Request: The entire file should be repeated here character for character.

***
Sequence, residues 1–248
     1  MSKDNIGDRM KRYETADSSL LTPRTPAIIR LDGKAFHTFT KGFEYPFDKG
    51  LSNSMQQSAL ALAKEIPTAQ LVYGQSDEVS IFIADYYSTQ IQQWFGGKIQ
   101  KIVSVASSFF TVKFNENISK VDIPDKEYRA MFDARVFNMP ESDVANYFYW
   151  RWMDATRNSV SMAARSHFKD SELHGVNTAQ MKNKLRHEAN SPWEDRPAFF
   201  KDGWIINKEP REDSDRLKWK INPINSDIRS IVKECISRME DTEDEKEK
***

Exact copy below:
Sequence, residues 1–248
     1  MSKDNIGDRM KRYETADSSL LTPRTPAIIR LDGKAFHTFT KGFEYPFDKG
    51  LSNSMQQSAL ALAKEIPTAQ LVYGQSDEVS IFIADYYSTQ IQQWFGGKIQ
   101  KIVSVASSFF TVKFNENISK VDIPDKEYRA MFDARVFNMP ESDVANYFYW
   151  RWMDATRNSV SMAARSHFKD SELHGVNTAQ MKNKLRHEAN SPWEDRPAFF
   201  KDGWIINKEP REDSDRLKWK INPINSDIRS IVKECISRME DTEDEKEK